Sarum: The Novel of England by Edward Rutherfurd
My rating: 3 of 5 stars
I picked up Sarum by Edward Rutherfurd because I have an interest in that area of England. The book details more than 2000 years of human life in Southern England around what is today Salisbury.
This long book is similar in style to books by Mitchern (think Hawaii, Texas, Alaska).
For me some parts of the book were better than others. I enjoyed the pre-historic sections as well as the building of Stonehenge. The Roman period was well done and I liked the portion about King Alfred. Although, I think he could have done more with that section.
I was very disappointed with Rutherfurd’s handling of the period after 1066 and Henry II. After all, his wife Eleanor of Aquitaine was held under house arrest at Sarum after her failed rebellion against Henry! Clearly, Rutherfurd had to condense history in order to keep the book under the 1000 page mark, but I really like that period.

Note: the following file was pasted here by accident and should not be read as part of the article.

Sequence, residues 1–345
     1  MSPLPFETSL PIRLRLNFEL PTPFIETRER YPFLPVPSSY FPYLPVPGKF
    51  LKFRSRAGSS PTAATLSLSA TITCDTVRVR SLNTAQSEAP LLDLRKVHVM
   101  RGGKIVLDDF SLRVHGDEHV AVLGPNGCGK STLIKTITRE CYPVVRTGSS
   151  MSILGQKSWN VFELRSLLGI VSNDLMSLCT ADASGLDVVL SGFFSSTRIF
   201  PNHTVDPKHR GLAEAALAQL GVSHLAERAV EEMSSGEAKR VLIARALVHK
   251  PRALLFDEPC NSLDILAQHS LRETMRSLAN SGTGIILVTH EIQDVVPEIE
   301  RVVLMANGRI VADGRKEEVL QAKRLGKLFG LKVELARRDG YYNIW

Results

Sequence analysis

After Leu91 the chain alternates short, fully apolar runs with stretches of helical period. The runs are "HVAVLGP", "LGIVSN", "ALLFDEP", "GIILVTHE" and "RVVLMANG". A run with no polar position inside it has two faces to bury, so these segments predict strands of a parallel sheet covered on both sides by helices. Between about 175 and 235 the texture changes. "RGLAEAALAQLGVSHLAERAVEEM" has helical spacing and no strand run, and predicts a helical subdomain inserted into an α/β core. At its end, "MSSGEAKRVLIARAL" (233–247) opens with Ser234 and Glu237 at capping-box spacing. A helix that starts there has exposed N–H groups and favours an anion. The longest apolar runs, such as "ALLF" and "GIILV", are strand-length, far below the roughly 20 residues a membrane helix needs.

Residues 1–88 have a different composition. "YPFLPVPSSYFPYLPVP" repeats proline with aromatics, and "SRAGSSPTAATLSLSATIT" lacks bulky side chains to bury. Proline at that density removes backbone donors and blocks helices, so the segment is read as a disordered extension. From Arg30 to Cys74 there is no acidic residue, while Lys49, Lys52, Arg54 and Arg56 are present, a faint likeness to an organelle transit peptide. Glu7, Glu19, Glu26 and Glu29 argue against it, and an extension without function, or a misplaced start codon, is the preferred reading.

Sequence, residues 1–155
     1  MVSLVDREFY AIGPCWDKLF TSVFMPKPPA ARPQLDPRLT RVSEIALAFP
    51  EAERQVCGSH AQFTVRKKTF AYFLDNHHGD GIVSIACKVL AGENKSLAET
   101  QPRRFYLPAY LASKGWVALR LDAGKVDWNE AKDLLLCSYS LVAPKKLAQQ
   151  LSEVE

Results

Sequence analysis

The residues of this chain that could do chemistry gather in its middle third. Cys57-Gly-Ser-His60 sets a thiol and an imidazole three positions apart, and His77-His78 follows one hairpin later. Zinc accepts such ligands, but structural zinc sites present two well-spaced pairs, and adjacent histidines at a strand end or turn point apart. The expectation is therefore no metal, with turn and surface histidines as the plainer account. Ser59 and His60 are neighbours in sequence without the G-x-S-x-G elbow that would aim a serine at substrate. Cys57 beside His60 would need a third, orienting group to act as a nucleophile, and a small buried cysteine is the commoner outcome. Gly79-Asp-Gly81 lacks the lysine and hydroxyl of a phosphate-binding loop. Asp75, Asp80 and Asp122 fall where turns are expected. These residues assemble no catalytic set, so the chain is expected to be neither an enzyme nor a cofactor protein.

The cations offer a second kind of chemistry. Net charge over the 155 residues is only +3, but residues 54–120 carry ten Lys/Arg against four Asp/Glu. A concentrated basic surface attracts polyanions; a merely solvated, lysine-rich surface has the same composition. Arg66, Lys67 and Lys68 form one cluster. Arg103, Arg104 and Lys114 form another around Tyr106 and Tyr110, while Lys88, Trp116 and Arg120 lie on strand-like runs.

The building of the famous Salisbury Cathedral was well portrayed.
I did like the author’s treatment of the American Revolution and the letters home about what was happening.
I feel as if the 1st half of the 20th Century was very much glossed over but I liked the discussion of American troops in Britain. I especially enjoyed the social issues the author talked about such as the difference in pat between the British and American soldiers.
All and all, the story was a little slow for me and it got bogged down at certain points. I keep picking up these epics and yet I find myself struggling to get to the end of them. Unless you truly love these very long sweeping stories, stay away.